A car ride from Florence to Siena

Imagine you are in Tuscany and you have already seen all of Florence’s attractions, including the gardens, the Oltrarno and the main museums. Imagine you have a car or you have just rented one. A nice idea for a car ride (or a motorbike trip if you prefer) is to head for Siena, enjoying the wonderful scenery on your way. There are many ways to reach Siena:
  1. one road passes through the Chianti, or Chiantishire;
  2. the fastest way to reach Siena is to pass through San Casciano in Val di Pesa, Tavarnelle in Val di Pesa, Poggibonsi, Colle Val d'Elsa, Monteriggioni and Siena;
  3. the itinerary I recommend passes through many of the places I mentioned in the second route, but with two more places that are well worth seeing: Certaldo and San Gimignano.
Put your key in the ignition and start up the engine.... Let's go!
San Casciano Val di Pesa [Photo Credits: Giuseppe Moscato]
San Casciano Val di Pesa [Photo Credits: Giuseppe Moscato]
The first town we come across on the itinerary is San Casciano in Val di Pesa, 15 kilometres southwest of Florence. Almost entirely destroyed by allied bombardments during the Second World War, San Casciano Val di Pesa was rebuilt and is now renowned for its parish churches and castles. Visit the Pieve of San Pancrazio, Pieve of Santo Stefano, Pieve of Santa Cecilia and Pieve of San Giovanni in Sugana. While we’re on the subject of don't miss the castles of Bibbione, Gabbiano, Pergolato and Montefiridolfi. An interesting fact: in 1513 the Italian writer and politician Niccolò Machiavelli was exiled in a hamlet near San Casciano and wrote The Prince and The Mandrake there. Carrying on along the Val di Pesa road you'll come across Tavarnelle Val di Pesa, located 25 kilometres south of Florence. As for San Casciano, Tavarnelle's main sights are religious buildings like the Badia di Passignano and the Romanesque Pieve of San Pietro in Bossolo. Another attraction of this town are the surrounding vineyards.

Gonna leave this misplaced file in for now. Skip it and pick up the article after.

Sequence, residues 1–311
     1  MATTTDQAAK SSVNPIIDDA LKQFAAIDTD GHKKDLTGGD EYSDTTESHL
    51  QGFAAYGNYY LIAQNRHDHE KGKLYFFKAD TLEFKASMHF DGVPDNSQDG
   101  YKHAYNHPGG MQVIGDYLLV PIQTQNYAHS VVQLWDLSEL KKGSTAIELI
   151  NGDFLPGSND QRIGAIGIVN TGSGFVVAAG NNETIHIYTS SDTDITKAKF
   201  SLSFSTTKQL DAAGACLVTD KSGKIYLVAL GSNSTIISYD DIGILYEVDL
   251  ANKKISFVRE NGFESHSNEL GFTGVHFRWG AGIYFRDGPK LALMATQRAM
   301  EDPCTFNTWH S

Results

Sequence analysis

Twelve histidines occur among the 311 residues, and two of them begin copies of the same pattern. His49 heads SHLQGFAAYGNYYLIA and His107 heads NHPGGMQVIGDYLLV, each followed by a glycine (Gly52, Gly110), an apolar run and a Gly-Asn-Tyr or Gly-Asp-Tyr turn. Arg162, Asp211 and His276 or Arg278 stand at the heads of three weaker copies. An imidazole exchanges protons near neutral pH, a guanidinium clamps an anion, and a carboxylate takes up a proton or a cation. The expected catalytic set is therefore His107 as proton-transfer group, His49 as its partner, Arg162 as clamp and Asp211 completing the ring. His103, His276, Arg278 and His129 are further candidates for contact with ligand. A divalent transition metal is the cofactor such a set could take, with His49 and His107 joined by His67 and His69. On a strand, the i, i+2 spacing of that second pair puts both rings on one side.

Certaldo [Photo Credits: Francesco Sgroi]
Certaldo [Photo Credits: Francesco Sgroi]
It's time to make a little detour and head west to Certaldo. Located 35 kilometres southwest of Florence, Certaldo is full of history since it was the hometown of Giovanni Boccaccio, the famous Renaissance author who penned The Decameron. In fact, one of the main attractions is actually Boccaccio’s former house. Also take a look at the Palazzo Pretorio or Vicariale, an imposing residence belonging to the Florentine governing magistrates, built in the early 12th century and rebuilt in the 15th century. It is also the highest building in Certaldo, overlooking the whole town. During the summer, Certaldo hosts an event called Mercantia, a festival brimming with theatre, music, magicians and dance performances. Now let's move on to San Gimignano, the quintessential medieval hilltown where 14 stony medieval towers stand out. San Gimignano is a walled town in the province of Siena, located 50 kilometres northwest of Siena. The historical centre of San Gimignano is a UNESCO World Heritage Site: the well-preserved buildings boasting both Romanesque and Gothic architecture and other notable buildings and churches prove this. Don't forget to taste some Vernaccia di San Gimignano! ;)
Monteriggioni [Photo Credits: Aldo Cavini Benedetti]
Monteriggioni [Photo Credits: Aldo Cavini Benedetti]
Now it’s the turn of Colle Val d'Elsa, internationally renowned for the production of crystal glassware. Colle Val d'Elsa also has a long history, especially in the part called “Colle Alta”, the oldest part of the town. Here you can visit the medieval Palazzo del Campana, the Castello, the Duomo, the Palazzo dei Priori and typical workshop and craftshops. The last stop on the way before reaching Siena is Monteriggioni, the medieval walled town located on a natural hilltop. To know more about Monteriggioni and its attractions read this post.
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